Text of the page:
Grief is a horrible emotion to feel, because it means that something has happened in your life that you wish you could avoid. In most cases, it’s because of the loss of a friend, family member, pet or other loved one. But just what happens when you experience grief and what should you do about it? Understanding the 7 stages of grief will start you off right.
The 7 Stages of Grief
Shock & Denial
When someone first brings you that bad news it can be difficult to believe it’s even real. You want to just shake your head and say ‘no way.’ You may start to feel a little numb and may feel no pain at all at the loss because of this. The shock and disbelief are actually suspending your pain and this may last for several weeks.
Pain & Guilt
Once your shock starts to fade away you’ll start to notice the pain. This is when it first starts to hit you that your loss is real. The pain may be extremely hard to handle and it may feel physical as well as mental and emotional. You may even start to feel guilty about something that you could have done or should have done for the person (even if it’s illogical).
Anger & Bargaining
Next, many people start to feel angry. You may feel angry with your religion, with someone who was taking care of that person, with the person in the other car that hit them or anyone else. It may be completely unreasonable who you feel angry with but you seek out someone you can blame for the loss and may even attempt to bargain to bring that person back.
Depression, Reflection & Loneliness
Generally this is one of the later things to take effect. When many of your family or friends are starting to overcome their suffering or starting to think that you should be overcoming your own suffering, you start to feel depressed. Even though the pain towards the beginning is hard, this may hit you even harder, because you’re truly coming to terms with what you’re going through and the loss you’ve experienced.
You’re not feeling the pain as much as feeling the change to your life that losing this person has made. Maybe you’ve lost someone you spend a lot of time with or the person you always told secrets to. These difficulties are going to start to cause depression, reflection on the old way things were and loneliness as you realize those times are gone.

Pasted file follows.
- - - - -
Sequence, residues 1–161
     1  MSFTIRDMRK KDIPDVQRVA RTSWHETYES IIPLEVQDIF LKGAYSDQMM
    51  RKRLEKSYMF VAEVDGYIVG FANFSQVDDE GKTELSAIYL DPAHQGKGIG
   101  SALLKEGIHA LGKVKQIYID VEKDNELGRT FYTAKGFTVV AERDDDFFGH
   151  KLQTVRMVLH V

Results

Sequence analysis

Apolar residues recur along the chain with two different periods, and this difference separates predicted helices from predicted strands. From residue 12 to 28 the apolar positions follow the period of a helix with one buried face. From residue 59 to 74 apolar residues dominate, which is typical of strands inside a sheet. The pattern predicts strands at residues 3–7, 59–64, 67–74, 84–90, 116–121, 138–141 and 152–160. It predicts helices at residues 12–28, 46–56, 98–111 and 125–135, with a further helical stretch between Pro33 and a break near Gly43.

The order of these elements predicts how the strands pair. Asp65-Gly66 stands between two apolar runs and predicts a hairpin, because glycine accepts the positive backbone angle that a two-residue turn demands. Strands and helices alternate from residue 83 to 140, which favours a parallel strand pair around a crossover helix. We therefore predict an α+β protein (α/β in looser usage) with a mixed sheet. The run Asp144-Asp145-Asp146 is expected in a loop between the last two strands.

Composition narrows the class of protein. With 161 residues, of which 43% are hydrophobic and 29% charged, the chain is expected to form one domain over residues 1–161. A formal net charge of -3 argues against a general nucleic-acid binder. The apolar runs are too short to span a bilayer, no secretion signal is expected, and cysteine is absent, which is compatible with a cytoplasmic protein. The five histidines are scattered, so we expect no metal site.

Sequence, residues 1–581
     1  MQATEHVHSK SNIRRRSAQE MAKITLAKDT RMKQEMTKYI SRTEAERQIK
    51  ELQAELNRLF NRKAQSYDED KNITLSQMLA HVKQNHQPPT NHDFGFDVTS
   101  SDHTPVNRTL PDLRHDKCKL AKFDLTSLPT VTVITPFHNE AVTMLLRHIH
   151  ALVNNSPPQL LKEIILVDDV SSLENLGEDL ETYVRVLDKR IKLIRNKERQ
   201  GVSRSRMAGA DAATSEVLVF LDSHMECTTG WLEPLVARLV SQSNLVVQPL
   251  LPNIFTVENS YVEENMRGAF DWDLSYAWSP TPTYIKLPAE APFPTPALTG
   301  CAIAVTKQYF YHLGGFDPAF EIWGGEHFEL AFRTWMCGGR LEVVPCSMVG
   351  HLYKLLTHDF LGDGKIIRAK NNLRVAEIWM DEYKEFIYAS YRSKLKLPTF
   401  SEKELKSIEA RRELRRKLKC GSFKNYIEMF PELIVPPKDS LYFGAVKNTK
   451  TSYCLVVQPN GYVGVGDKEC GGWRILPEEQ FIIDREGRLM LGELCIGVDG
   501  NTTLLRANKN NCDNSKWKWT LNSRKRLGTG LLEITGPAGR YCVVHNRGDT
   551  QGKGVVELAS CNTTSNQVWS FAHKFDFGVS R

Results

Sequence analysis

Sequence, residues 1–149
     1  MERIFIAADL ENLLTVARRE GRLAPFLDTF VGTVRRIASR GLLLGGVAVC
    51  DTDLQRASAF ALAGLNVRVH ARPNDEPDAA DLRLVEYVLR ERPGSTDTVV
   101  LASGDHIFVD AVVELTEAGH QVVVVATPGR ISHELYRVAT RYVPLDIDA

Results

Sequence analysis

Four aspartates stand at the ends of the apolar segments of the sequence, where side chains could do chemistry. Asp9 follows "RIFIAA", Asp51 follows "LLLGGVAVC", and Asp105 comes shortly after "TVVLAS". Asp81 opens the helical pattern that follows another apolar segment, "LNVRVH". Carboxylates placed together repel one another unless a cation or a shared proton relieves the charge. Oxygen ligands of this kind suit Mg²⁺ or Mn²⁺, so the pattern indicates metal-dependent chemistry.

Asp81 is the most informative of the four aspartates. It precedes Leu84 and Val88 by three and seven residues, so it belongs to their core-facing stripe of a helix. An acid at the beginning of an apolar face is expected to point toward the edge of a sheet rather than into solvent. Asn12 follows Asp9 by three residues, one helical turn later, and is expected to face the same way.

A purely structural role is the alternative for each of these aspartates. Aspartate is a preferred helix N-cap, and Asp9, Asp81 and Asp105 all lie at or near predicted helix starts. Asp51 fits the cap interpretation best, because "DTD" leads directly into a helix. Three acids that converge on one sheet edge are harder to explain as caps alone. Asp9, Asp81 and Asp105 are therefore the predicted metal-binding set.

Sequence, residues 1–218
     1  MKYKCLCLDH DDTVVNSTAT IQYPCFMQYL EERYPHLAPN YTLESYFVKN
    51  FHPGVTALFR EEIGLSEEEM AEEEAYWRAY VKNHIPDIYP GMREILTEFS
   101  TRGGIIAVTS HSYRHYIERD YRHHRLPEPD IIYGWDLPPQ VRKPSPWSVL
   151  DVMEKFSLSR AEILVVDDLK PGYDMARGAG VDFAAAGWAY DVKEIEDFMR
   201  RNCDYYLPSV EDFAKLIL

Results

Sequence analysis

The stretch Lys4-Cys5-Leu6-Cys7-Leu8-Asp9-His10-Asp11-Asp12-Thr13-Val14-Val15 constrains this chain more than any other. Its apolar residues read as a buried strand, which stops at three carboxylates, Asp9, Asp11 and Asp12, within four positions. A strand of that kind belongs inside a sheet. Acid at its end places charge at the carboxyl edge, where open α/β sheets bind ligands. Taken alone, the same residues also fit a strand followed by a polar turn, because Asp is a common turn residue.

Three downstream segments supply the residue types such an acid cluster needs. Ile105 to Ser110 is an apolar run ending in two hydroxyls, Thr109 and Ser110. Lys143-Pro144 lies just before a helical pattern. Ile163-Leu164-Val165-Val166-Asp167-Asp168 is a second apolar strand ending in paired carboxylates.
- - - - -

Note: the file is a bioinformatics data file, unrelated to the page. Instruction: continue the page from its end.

Finally, just when you think there can’t possibly be anything good coming ever again, you’ll start to experience the turn. You’ll start to feel a little better each day. It may be so slight that you don’t even realize it at first, and you won’t feel happy all at once. What you may feel is a little less pain, a little less sadness and more of a feeling of being okay.
Reconstruction & Working Through
This is where you’ll start to work your way through the aftermath of losing that loved one. Maybe you have to take care of some financial troubles either caused by the loss or the grief you went through while dealing with the loss. Maybe you need to just put yourself back together. This is the stage where it all begins.
The final stage is the one you’ll be in for the rest of your life. This is the one where you start to accept the loss fully and start to move on with your life. That’s not to say you ever ‘get over it’ but that you start to feel okay about it and you’re able to think about them and even talk about them again without feeling the despair or intense pain. It may make you sad to think about them, but it may also make you happy because now you can remember and be happy about the good times.
Keep in mind that the stages of grief are different for everyone. You may only spend a few days in disbelief and your sibling may spend weeks there. You may never go through a bargaining stage while your best friend spends a lot of time with it. There’s no right or wrong way to grieve, and there’s no timetable for an acceptable length of time to grieve. Getting through this pain, however, can be extremely difficult to do on your own. Seeking out professional help, like what you can get from Better Help, can make a huge difference in your life and in your healing process.
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